An anon Yelp user can now say that Hadeed has and will sue you if you fail to provide a stellar review. You're wide open and vulnerable if you attack the public, it's just dumb.
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You don't actually know anything about law or how the courts work, do you? And you didn't read the judge's opinion so you don't actually know anything about the case or the law underlying the ruling. And you don't feel like finding out anything about it, because it's easier to write shallow posts and give witless advice than read legal documents.
Hey! My stalker is back! Yay!
Don't you think talking about shallow posts and witlessness when your contributions consist almost exclusively of comments on my comments is a bit rich?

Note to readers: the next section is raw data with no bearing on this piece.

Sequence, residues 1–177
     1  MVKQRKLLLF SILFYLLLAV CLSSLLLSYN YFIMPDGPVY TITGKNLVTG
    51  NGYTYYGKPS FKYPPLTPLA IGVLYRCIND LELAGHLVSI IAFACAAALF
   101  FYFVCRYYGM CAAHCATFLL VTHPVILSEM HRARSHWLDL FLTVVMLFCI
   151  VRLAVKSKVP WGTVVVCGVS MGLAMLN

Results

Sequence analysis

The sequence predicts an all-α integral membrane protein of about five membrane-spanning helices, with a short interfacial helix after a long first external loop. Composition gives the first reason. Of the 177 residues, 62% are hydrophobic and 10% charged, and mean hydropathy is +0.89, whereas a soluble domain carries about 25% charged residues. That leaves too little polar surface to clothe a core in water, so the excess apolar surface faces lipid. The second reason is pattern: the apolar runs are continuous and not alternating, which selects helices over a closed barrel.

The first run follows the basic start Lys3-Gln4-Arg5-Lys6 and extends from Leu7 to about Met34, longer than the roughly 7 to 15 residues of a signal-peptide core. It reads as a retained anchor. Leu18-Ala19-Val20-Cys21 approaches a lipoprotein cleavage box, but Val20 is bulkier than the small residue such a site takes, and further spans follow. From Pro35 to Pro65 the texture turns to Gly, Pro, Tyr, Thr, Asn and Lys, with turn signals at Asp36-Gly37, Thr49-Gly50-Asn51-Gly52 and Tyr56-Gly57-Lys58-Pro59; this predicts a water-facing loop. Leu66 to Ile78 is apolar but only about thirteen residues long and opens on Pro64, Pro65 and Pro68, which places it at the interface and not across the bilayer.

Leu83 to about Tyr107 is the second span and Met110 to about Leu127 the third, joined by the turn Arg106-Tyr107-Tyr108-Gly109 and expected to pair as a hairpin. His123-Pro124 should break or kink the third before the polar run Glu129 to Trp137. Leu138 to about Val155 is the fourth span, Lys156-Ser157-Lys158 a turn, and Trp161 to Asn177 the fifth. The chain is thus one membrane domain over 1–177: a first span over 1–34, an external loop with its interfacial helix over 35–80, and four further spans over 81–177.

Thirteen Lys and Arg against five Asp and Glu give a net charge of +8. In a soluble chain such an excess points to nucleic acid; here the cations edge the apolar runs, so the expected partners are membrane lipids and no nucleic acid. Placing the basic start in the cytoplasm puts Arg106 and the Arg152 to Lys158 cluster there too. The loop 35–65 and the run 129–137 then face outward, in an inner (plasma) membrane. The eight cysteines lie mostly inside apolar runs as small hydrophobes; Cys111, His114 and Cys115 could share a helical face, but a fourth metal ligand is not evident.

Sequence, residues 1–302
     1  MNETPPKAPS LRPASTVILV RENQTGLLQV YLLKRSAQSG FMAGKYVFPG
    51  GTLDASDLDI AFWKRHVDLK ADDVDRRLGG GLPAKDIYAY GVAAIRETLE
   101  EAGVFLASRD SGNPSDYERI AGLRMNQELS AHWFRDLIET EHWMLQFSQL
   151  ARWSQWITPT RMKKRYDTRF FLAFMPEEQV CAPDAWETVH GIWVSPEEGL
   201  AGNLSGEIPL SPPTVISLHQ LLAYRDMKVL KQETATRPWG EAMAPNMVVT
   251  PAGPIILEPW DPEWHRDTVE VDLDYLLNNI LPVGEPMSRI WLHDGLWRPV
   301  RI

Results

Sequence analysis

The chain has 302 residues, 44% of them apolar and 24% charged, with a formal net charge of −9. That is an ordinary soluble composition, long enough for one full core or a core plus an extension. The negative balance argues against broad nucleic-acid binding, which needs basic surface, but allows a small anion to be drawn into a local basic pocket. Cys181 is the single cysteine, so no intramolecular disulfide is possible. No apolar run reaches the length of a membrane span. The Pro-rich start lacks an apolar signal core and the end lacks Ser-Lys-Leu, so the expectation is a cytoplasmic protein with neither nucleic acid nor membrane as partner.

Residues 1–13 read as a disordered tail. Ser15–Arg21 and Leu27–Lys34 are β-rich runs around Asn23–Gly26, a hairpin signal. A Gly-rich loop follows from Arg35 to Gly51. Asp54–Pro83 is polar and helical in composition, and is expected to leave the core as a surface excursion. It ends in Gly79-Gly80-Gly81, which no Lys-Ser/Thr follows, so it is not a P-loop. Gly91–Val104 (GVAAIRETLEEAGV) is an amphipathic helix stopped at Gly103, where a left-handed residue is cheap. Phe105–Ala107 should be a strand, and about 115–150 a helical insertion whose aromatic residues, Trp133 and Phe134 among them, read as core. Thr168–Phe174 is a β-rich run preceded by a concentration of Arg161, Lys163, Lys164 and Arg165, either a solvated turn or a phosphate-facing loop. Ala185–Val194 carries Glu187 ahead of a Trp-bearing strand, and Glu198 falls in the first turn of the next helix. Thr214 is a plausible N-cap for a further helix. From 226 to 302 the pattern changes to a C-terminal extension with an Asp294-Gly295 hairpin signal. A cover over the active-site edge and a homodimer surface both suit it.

I'll have to check my copy of Hoisted by Your Own Petard: Tips to Avoid Saying Stupid Things in Public but I'm pretty sure Anonymous Weekend Stalker is right between the sections dealing with Sad People and Pitiable People.
I can understand how you get bored on the weekends, but there are far healthier things you could be doing with your time than following me around. That kind of behavior is indicative of a number of serious mental health issues, all of which can be managed satisfactorily if you begin treatment before you completely isolate yourself.
Now, kindly go away, and stop stalking me. It was cute at first, but you've been doing this for nearly a year now and that's more than a little creepy. You didn't realize you had been doing it this long did you? That's how obsessions do though. They gradually escalate into full blown problem behaviors.
So either make yourself known, so that I may shame you properly, for your own good (I've read where obsessed people often lose interest when they are dismissed by the person they are obsessed with) or send me Holiday Greeting Cards next year. You address me more often than my mom, therefore you are required to send me Holiday Cards and maybe a token gesture thanking me for providing you with a stage to be heard from.